Spend enough time on YouTube and you’ll uncover numerous videos showing some kind of video game being played on an oscilloscope. The most popular game choices for these videos seem to be the old Doom and Quake games and Pong, the first real video game released in 1972. Perhaps the main reason for Doom’s popularity is that its source code was released in 1999 under the GNU General Public License v2.0 or later. Quake’s source code has been released as well. Pong’s popularity is easy to understand–it’s table tennis concept, with just moving paddles and a ball, is computer-graphically pretty simple.
However, there is no one single way of implementing a video game on a scope. The approaches we’ve seen can depend on the particular operating system running the scope and particular features the scope implements. Here’s a rundown on the basics of what we’ve found.
One widely used approach to hacking digital scopes for games is to trick the scope into stopping the scope software and interacting with the scope operating system directly. Generally speaking, once you have control of the scope operating system, running Doom is the easy part.
Doom II running on a DSOX1102G oscilloscope at 3 FPS under Windows CE.
Judging by posts from those who’ve done it, getting control of the scope operating system is tricky. A good example of what goes on concerns a now-discontinued Keysight scope called the DSOX1102G which runs the Windows CE OS. As detailed on Hackaday, user Jason Gin took about a year and half to get at the scope OS, a process that began when he purposely crashed the scope by leaving an external floppy drive plugged into the scope USB on startup. This revealed a display of a desktop. To use it, Gin devised a custom USB switch cable to rapidly toggle in the keyboard and mouse after a crash. Gin’s quest for control of the scope eventually included deleting a couple of Windows processes that would automatically reboot the scope after a crash. He created a batch file with all the commands required to kill the scope software, a startup folder handler, a crash handler; a routine to restore the taskbar and re-enable the Command Prompt. Gin says he eventually discovered the crash handler was the key to making the Windows CE desktop visible; he added some lines in his batch file to launch and subsequently kill the crash handler which let him (semi-)automatically boot the oscilloscope to the desktop, with just a USB drive, mouse and keyboard.
Another approach involves scopes that have not just the customary X and Y inputs, but also a Z input. The Z input controls the intensity of the trace. A point to note is that not all scopes have a Z input.
A circuit that converts composite video to XYZ mode for scope display.
In one case a YouTuber used a Tektronix 2220 digital scope with an XYZ display to show the Doom screen from the game that was running on a laptop. He managed this by devising a composite video-to-XYZ converter circuit. As a quick review, composite video is an analog video signal format that carries standard-definition video (typically at 525 lines or 625 lines) as a single channel, as well as line and frame synchronization pulses. The color video signal is a linear combination of the luminance of the picture and a modulated subcarrier which carries the chrominance or color information, a combination of hue and saturation. Details of the combining process vary between the NTSC and PAL schemes. The composite-to-XYZ converter circuit the YouTuber describes is said to work with either NTSC or PAL signals.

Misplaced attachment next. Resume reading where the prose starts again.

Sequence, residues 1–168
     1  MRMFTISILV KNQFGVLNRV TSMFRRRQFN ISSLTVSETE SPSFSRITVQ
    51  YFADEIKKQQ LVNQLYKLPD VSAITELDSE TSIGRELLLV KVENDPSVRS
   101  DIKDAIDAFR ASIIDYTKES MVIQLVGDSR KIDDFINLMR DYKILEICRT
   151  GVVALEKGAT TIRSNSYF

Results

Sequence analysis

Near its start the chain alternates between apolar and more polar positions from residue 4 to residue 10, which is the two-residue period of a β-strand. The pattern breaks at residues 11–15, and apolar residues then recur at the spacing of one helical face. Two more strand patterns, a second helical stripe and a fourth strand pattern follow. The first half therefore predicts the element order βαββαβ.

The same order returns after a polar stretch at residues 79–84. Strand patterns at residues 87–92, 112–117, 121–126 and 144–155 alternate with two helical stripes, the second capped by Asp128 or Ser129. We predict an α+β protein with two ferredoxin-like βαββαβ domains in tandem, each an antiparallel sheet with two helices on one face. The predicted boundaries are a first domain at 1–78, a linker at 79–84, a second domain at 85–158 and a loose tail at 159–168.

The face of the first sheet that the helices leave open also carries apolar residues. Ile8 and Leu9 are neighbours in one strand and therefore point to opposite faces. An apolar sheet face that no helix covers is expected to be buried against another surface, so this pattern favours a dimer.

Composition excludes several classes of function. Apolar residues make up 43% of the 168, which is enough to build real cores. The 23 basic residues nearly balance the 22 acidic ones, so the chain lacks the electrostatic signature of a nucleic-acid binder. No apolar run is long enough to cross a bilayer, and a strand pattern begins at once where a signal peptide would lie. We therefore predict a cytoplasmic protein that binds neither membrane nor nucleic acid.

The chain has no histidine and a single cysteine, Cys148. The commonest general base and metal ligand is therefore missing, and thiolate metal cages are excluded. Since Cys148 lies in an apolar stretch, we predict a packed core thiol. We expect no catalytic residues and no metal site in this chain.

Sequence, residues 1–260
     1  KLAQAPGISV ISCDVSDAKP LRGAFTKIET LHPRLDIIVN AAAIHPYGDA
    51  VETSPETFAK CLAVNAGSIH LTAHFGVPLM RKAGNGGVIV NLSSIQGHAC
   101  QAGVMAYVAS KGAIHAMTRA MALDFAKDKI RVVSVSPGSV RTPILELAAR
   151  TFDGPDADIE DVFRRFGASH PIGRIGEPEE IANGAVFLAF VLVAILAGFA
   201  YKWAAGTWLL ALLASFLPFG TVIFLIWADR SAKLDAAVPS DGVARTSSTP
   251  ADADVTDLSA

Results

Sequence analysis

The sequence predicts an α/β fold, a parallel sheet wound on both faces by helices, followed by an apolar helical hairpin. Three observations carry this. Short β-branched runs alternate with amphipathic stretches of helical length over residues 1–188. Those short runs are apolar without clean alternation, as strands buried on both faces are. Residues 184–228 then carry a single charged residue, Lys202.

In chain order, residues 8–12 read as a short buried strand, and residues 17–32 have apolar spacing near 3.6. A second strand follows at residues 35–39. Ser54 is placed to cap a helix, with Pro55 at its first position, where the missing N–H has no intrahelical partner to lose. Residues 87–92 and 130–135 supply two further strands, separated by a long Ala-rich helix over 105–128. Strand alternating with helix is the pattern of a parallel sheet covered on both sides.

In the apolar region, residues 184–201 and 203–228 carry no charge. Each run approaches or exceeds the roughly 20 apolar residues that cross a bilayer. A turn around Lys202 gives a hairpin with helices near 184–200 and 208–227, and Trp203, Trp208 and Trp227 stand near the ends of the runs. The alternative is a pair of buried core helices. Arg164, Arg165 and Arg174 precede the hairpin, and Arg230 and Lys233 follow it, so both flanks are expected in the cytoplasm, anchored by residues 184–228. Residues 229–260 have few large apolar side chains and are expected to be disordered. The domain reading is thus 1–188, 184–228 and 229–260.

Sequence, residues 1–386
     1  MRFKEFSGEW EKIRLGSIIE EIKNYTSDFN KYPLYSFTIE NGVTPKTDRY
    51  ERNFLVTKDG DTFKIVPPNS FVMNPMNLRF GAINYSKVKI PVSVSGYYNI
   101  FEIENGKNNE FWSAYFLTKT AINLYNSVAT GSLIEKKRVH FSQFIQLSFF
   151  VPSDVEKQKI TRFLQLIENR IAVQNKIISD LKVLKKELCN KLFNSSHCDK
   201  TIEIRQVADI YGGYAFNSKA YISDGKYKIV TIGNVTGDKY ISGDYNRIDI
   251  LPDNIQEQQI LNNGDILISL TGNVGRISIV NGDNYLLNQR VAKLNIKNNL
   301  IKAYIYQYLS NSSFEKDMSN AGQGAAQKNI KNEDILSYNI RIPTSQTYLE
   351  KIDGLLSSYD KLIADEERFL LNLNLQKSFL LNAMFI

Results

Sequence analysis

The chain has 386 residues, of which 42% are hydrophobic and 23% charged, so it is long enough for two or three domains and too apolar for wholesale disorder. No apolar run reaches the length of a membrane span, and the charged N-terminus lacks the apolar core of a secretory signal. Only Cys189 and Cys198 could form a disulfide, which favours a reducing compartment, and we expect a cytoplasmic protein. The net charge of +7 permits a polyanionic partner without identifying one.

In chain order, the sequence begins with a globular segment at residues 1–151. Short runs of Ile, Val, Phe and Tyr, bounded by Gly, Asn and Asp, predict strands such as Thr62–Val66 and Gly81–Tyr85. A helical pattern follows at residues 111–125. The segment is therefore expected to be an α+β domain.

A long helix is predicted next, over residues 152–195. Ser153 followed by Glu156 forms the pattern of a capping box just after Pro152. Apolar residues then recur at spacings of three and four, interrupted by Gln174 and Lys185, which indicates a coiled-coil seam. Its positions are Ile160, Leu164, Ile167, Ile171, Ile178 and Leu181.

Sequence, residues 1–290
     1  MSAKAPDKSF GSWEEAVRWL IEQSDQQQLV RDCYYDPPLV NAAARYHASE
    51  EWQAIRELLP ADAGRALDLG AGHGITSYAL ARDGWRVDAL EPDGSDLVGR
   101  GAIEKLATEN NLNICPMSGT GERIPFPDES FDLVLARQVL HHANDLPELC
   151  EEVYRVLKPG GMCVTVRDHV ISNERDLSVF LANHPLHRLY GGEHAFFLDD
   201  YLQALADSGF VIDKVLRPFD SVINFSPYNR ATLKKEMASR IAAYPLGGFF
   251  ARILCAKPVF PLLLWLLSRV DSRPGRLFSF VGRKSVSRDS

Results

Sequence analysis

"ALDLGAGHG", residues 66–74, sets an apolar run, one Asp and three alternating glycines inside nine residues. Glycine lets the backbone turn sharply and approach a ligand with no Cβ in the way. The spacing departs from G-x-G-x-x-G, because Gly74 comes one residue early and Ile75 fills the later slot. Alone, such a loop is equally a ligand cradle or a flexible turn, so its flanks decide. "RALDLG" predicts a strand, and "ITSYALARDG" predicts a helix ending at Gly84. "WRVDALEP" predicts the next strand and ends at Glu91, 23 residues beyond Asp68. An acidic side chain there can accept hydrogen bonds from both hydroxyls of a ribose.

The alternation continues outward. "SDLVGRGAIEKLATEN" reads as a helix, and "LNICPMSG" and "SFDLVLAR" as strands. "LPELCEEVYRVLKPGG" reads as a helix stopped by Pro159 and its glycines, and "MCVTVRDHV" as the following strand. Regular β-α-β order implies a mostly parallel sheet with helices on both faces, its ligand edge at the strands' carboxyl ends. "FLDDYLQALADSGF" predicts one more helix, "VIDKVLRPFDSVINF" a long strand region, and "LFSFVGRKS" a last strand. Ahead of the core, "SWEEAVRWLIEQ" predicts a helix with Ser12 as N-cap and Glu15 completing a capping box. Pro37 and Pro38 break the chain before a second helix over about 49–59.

Quake rendered on a Hitachi V-422 scope.
A different approach to scene generation is possible on analog scopes: Generate scenes on a scope as vectors; the speed of the trace across the screen controls the intensity of the drawn lines. That’s the approach taken by Pekka Väänänen in a version of Quake he optimized for use on a Hitachi 422 analog scope. It’s clear from his blog posts that Väänänen knows a few things about rendering and visibility processing. He points out that two voltages specify the horizontal and vertical position of the ray on the scope, so varying these as a function of time allows the drawing of shapes. Basically he wrote a program that output a set of 2D points and viewed it in XY-mode on the oscilloscope. To draw line segments that are not connected together, he moved the ray quickly across the screen so it wouldn’t produce a visible line. This action takes place by spending more time drawing the visible lines and then scaling the monitor intensity accordingly to hide unwanted artefacts.
To actually generate the Quake graphics, Väänänen accessed the scene geometry in the game via a modified Quake engine source code called DarkPlaces. The engine was patched to save all the clip-space triangle edges sent for drawing, and then transferred to a synthesizer process.
The synthesizer spends time getting rid of duplicate and unseen line geometry because the time budget per frame is tight and time spent on redundant lines is wasted. Väänänen admits he’s not particularly happy with the resulting scenes–the stability and quality of the rendering leaves something to be desired. But he also says there’s room to improve the scene-generating algorithms.
A Pong game display on a scope and the circuit that made it possible.
When it comes to Pong on a scope, it seems as though a lot of the efforts are part of undergrad lab projects. A typical approach is to generate signals displayed on the scope via analog circuits. The ball X and Y components can be generated using op amp RC integrators. The paddle Y component can be generated using a summing amplifier to add a sawtooth oscillator waveform on top of a dc offset controlled by the player. Digital components may be used to keep track of ball direction, who serves, and so forth. But for those who want a more detailed explanation, a post on the EEVblog site contains schematics and other details.